Doe’s admirable efforts got him noticed, and he had the chance to live a dream of wrestling in Japan, where he worked two different tours in 2004 and 2005 for various independent groups.
“Makio Kodama got me booked. It was a whirlwind, but a lot of fun. I worked the indy scene, which is pretty much the level of my talent, lol. I did get to work for WMF at the smaller Differ Araki arena and at Korakuen for DDT.”
When he wasn’t elbowing his opponents in the face in Pittsburgh or smashing foes with weapons in Tokyo, Panico worked in a very different setting for his usual routine. The talented artist and film buff used his design background to become a very respected contributor in the advertisement world, providing content for many major brands.
“I own my own agency now. It’s just another facet of who I am and the two sides interplay a lot,” he said.
Aside from his work in the ring, Doe trained other aspiring wrestlers, including Global Force Wrestling star DJ Z, and independent standout Gory in 2004.
“I saw their potential day one, they just had to be 18 to wrestle, so I kept them under my wing for 2-3 years. The most important part is not to become a mark for whomever you are training. You have to be tough on everyone. I believed in all wrestling for the first 6 months, no ropes, no strikes, all working. Then you learn the easy parts. No one gets a character until they are nearly done. I’m more about the mechanics of how to work versus drills — anyone can learn cardio, and from someone way better at it than me. I believe that wrestling is a language and I gave them the words, but it’s up to them to formulate how they speak. Anyone that tells you, “I’m gonna be your best student?” They are going to be horrible. I pushed hard for humble kids that could work hard and be tough. You can tell most of my guys, I hope, by how hard they hit and that they don’t give up or in.”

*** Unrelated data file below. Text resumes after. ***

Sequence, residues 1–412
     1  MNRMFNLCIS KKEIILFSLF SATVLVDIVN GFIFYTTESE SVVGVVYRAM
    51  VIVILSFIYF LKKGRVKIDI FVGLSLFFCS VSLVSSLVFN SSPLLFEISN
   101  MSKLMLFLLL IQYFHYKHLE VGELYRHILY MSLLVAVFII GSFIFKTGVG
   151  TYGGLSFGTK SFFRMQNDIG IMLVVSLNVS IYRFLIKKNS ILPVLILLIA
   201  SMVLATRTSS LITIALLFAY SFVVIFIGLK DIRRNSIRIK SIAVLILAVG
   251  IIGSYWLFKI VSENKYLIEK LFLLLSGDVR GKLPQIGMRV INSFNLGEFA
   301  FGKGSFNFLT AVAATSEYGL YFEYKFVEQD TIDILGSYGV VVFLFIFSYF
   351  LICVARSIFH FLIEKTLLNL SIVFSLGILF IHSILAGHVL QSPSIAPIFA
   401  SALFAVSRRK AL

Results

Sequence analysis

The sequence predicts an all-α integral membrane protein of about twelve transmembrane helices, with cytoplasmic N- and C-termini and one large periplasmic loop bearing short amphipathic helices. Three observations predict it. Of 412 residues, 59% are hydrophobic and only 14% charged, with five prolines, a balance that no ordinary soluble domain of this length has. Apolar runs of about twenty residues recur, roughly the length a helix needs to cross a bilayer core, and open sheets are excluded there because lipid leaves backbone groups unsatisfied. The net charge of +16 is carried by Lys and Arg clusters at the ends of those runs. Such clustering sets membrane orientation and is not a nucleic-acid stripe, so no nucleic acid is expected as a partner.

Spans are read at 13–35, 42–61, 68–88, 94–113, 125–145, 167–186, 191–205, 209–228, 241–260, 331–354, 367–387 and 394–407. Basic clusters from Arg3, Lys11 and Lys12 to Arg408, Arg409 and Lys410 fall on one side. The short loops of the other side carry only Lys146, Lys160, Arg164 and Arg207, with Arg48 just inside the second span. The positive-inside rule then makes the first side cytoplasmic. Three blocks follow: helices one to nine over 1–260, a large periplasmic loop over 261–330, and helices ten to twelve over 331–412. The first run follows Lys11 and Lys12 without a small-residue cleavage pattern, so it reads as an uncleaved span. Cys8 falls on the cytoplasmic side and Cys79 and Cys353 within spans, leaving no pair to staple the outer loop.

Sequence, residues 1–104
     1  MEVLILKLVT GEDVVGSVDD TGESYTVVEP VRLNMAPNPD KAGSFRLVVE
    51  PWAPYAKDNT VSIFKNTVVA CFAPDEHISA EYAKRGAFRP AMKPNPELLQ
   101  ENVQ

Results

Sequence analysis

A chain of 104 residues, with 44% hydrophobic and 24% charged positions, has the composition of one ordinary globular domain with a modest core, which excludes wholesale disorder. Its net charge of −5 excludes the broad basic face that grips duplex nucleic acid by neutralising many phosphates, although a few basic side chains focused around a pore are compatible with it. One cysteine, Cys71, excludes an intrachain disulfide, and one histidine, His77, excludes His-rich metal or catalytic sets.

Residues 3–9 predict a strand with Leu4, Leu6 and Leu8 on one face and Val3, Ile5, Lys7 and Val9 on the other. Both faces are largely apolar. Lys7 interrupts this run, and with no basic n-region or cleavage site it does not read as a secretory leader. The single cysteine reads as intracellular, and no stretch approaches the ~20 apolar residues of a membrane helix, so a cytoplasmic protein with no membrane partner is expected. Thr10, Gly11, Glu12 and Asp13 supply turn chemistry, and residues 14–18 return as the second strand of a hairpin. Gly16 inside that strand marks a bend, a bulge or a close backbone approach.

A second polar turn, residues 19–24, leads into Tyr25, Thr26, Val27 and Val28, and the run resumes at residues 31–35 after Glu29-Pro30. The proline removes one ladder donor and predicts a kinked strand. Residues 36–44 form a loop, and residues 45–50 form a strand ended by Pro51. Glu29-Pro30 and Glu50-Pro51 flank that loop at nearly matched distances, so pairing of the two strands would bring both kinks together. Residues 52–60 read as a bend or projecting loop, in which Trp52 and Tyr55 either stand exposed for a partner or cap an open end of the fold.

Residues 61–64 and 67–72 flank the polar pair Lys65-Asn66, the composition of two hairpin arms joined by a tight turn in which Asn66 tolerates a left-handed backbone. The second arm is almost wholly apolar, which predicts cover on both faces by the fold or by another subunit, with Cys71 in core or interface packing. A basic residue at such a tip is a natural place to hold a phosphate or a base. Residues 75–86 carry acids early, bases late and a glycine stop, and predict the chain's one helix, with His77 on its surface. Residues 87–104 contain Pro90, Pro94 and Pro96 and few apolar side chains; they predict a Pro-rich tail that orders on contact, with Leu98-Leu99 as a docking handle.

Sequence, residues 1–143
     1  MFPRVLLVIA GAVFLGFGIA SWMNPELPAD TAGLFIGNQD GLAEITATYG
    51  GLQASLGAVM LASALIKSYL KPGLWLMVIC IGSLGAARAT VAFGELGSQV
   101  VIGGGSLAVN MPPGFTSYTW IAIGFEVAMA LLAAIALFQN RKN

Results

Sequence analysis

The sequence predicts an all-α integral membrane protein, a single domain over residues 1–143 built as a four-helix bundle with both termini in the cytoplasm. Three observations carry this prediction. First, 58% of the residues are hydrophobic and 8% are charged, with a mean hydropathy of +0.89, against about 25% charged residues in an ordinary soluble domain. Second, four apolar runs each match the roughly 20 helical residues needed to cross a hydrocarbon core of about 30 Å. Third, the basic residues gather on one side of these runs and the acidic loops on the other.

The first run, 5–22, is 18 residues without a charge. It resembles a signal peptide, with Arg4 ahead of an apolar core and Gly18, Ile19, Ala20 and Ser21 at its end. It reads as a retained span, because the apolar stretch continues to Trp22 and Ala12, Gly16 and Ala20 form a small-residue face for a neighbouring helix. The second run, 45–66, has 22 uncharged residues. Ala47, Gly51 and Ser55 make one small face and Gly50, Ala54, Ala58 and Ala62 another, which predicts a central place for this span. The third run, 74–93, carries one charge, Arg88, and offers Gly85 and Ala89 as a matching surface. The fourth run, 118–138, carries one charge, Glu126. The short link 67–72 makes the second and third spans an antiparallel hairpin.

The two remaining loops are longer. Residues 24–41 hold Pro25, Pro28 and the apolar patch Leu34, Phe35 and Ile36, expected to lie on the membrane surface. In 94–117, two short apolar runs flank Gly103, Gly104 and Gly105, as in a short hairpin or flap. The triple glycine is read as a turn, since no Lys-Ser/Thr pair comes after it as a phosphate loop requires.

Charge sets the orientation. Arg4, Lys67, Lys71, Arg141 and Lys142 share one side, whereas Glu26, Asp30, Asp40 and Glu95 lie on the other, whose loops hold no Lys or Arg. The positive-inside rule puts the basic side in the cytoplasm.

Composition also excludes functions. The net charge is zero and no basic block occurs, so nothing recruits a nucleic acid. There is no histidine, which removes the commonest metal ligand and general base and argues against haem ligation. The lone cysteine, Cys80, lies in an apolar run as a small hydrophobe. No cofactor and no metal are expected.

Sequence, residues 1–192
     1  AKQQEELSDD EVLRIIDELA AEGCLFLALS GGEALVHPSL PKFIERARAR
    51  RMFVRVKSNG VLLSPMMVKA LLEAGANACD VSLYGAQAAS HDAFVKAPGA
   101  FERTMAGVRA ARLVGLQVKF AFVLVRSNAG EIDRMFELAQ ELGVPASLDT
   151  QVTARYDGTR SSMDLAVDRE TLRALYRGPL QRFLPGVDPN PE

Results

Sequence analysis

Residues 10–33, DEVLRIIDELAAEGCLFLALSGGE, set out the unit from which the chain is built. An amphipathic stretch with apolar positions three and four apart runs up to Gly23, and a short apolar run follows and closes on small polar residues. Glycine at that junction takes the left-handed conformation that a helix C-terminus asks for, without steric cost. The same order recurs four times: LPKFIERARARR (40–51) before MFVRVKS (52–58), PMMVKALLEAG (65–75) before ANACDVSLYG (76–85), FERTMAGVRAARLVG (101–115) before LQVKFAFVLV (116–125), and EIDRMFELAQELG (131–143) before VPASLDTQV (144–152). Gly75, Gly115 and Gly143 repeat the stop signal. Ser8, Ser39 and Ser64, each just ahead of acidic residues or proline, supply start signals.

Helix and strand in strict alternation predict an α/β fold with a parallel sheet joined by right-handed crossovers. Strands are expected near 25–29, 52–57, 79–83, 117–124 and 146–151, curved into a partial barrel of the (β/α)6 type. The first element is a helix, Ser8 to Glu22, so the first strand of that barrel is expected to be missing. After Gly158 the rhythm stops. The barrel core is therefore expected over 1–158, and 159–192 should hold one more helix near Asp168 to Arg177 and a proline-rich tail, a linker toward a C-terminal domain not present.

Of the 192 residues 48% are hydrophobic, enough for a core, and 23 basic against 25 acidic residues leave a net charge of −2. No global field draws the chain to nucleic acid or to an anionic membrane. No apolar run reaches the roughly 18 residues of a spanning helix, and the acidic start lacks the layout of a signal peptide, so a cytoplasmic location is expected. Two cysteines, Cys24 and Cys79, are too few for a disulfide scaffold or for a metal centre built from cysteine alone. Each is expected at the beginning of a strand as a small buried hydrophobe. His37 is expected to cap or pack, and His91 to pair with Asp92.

That mindset made Panico one of the most respect figures in Pittsburgh wrestling, and his contemporaries speak highly of him. In late 2008, after taking the time to heal many nagging injuries, he returned to the wrestling scene for Pro Wrestling Express, one of the longest running groups in the region. The reduced schedule allowed for Shirley Doe to continue to contribute to the sport he has a lifelong passion for, but also gave him time to build the agency that he runs today. In more recent years, he still wrestles, but took an active role to assist behind the scenes as well.
“His knowledge and stories make you want to live in his titanic shoes if only for a brief instance. He makes you swoon for professional wrestling. The proudest accomplishment of my time in wrestling is that he calls me a friend,” said Marcus Mann, Pittsburgh area manager.
After more than half of his life as a pro wrestler, Sam Panico wrestled many destinations, and is unanimously respected for his humble approach to the genre. But, after nearly two dozen years in the sport, what does he consider his best accomplishment?
“Honestly, it’s the fact that anyone remembers or cares or comes to a show. I’ve been really thankful to do what I do for so long and to have so much fun and make so many friends.”
Panico never made it to Wrestlemania as Shirley Doe, but he realized his personal sports entertainment dream of working in Korakuen Hall. Most importantly, his efforts and contributions for the past two decades certainly make him a credit to the industry.